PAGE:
News & what's on - Written by on Sunday, July 1, 2012 12:37 - 1 Comment

Serious Fraud Office at C5: Self reports, investigations, the manifesto & tantalisingly will Dodd Frank whistle blowing come to the UK

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The excellent C5 Annual Anti-Corruption forum in London describes itself as “THE must-attend event in Europe that shapes the anti-corruption community” and is targeted at chief compliance officers, general counsel, forensic accountants and their advisers from global companies.  This year we were kindly invited along with our very own [Declaration of Interest] press pass.  Neil McInnes attended and picks out the key messages from the new SFO Director’s keynote speech.

By Neil McInnes, Senior Associate, Pinsent Masons

Last week the SFO Director, David Green CB QC, spoke to C5’s Annual Anti-Corruption Forum in London to deliver a clear restatement of his manifesto for the UK’s chief fraud regulator – and gave his biggest indication yet that new Bribery Act investigations will be more heavily focused on the range of intelligence gathering at the SFO’s disposal.

No spin

The SFO will not, he was keen to emphasise, be chasing “eye-catching quick results” or “easy headlines” and the first Bribery Act case will happen when it is “the right case at the right time”. We were told the intelligence unit is currently dealing with four self-referrals with 11 further cases being proactively developed – the majority of which are corruption-related.

When resources are inevitably under pressure, the Director said the focus will be on selecting cases with strategic value; and when prosecutions come, theywill be surgical, “resisting putting a large canvass before the jury” but “indict the core of the criminal conduct”.

Does that mean we will see less of the long-running SFO investigations and prosecutions of the past that take many months or years to reach chargesor the start of a trial? Possibly (and the statistics have already shown time periods are shortening). It would also be what many commentators have predicted as the pragmatic solution for the cash-strapped regulator.

But the Director also underscored that if an investigation did not proceed to criminal charges, this was not a failed investigation in his view. For SFO historians, this also neatly refers back to the original purposes of the organisation and its dual investigation and prosecution role in statute. The power to investigate in is itself core to the Director’s functions – as set out in section 1(3) of the Criminal Justice Act 1987: “ The Director may investigate any suspected offence which appears to him on reasonable grounds to involve serious or complex fraud”. The theme ran through the Director’s remarks.

The right weapons

However, since 1987 a wider range of disposals and tools are now available to the SFO (with more to come if DPAs become law in 2013). What of this expanding arsenal?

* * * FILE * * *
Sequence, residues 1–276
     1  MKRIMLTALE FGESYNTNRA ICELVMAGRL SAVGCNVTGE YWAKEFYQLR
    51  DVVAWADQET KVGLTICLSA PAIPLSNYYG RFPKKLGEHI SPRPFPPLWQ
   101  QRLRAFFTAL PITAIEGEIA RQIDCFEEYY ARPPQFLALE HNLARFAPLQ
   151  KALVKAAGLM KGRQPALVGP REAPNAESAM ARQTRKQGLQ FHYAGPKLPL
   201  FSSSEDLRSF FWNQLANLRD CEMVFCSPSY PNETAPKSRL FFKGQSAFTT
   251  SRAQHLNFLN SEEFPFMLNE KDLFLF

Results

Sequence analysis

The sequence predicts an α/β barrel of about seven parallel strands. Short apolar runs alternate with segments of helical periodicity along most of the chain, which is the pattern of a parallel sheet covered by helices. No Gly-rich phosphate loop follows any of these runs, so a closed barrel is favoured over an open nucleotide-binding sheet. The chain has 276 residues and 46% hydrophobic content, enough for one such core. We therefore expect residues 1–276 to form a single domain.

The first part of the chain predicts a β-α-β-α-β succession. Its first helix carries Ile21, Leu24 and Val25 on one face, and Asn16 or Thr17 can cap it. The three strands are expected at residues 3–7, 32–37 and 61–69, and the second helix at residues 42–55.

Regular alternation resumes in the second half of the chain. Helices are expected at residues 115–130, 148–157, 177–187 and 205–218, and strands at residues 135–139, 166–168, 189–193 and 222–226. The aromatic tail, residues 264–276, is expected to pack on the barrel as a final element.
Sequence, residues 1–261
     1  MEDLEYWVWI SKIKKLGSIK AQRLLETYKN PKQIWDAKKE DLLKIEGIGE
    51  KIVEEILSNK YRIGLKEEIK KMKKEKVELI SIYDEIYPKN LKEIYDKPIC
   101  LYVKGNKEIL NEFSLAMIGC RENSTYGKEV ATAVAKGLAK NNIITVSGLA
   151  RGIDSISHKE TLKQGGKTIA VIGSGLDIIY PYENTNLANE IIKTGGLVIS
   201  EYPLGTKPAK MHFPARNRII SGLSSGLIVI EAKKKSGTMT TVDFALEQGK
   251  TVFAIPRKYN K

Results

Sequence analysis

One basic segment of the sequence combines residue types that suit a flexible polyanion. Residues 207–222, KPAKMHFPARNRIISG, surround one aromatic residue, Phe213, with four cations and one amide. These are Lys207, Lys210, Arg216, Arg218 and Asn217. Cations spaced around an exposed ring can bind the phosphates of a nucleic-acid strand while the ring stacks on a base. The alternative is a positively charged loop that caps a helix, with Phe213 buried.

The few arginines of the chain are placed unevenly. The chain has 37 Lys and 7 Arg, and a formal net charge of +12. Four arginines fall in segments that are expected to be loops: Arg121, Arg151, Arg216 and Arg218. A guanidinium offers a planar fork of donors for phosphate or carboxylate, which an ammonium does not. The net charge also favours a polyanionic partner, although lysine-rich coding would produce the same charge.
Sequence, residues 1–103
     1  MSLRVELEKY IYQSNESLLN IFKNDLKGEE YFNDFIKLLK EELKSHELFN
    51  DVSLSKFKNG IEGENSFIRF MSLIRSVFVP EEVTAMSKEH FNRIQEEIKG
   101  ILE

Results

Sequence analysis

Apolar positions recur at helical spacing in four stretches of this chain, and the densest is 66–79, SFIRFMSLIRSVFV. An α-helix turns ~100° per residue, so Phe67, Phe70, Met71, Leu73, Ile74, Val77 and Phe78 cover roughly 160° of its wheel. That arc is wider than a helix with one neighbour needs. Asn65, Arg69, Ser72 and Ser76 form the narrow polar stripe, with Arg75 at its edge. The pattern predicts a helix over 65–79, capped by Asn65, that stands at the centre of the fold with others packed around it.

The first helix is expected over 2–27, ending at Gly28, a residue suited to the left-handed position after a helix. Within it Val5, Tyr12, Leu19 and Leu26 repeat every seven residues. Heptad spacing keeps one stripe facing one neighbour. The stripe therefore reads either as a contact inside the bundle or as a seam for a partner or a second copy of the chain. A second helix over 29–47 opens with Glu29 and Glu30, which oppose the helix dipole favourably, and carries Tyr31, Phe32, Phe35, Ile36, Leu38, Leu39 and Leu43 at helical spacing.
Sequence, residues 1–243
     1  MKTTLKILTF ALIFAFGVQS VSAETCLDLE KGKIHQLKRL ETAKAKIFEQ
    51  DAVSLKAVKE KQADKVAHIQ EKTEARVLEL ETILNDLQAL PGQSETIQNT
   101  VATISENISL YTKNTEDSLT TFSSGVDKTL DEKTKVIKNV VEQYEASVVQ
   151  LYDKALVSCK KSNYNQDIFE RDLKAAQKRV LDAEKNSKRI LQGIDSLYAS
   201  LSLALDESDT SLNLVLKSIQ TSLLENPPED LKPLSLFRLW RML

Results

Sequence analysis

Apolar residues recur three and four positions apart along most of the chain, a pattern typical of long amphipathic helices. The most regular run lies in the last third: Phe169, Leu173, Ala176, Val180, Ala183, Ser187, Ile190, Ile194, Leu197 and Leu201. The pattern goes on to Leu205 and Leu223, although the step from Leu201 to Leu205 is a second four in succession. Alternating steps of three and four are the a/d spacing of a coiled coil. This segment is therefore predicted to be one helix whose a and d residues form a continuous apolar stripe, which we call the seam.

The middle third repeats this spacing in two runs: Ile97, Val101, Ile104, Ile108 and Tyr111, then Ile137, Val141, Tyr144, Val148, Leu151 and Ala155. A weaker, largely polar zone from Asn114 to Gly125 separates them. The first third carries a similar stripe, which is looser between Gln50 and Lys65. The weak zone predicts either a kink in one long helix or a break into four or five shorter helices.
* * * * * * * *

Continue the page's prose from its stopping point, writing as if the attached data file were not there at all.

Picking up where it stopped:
On the breadth of options, the Director remarked civil settlements will “have their place” and reiterated the SFO’s past position of welcoming self-reporting. He recognised that corporates needed to see the advantages of this process (but was clear there could never be guarantees). He stated his support for DPAs used “in the right circumstances” (there was no mention of what he thought the “the wrong circumstances” might be – but we expect further indications about this are only likely after the current Government consultation completes).

Given he also made clear that the SFO was not looking to assume a compliance role (or punish minor infractions), it will be interesting to watch whether there may be a reduction in outreach work that his office takes on going forward. Similarly, organisations and their advisers will need to wait to see if the new Director remains as committed as his predecessor to offering guidance to parties in mergers and acquisitions when problems emerge in corporate due diligence.

David Green emphasised that the SFO’s diet of work will focus on top level fraud. His interest is in taking on cases that undermine “UK Financial Plc”; compromise level playing fields for business; involve serious bribery in a national or international context; or represent a striking new species of fraud. The last category underscores that the SFO will remain as much about Specialist Fraud as it has been Serious Fraud. Many have already noted that the SFO will now be passing to other agencies those frauds that don’t make the grade. Boiler rooms and mortgage frauds are off the menu at the Elm Street canteen. SFO white collar crime may be more of the well-starched collar variety.

Much of David Green’s message was to restate existing strengths of the SFO design model, but with some reorganisation. The combination of skillsets (lawyers, investigators, forensic accountants, and forensic IT professionals) are not about to be disassembled but with structural changes we can expect 2 fraud casework teams and 2 bribery teams, each led by a senior civil servant. There will be new layers of quality control on cases too.

The intel

If there is a change of emphasis, it appears to be the Director’s proposed expansion and concentration on the SFO’s intelligence gathering capability. He gave the C5 Forum an insight in to the component parts: a concentration on open source material; a blend from other sources, including SARs and whistleblowers; and then the “more exotic”. We shall await with interest what this last secret ingredient is.

And it seems clear the new Director is keen to open the discussion on the evidential issues arising from different kinds of intelligence: telling the audience he would “welcome a debate on bona fide whistleblowers being rewarded for information they provide”.

After DPAs, could this be the next US import to be added to the UK regulator’s armoury? Start drafting your responses to the consultation now.


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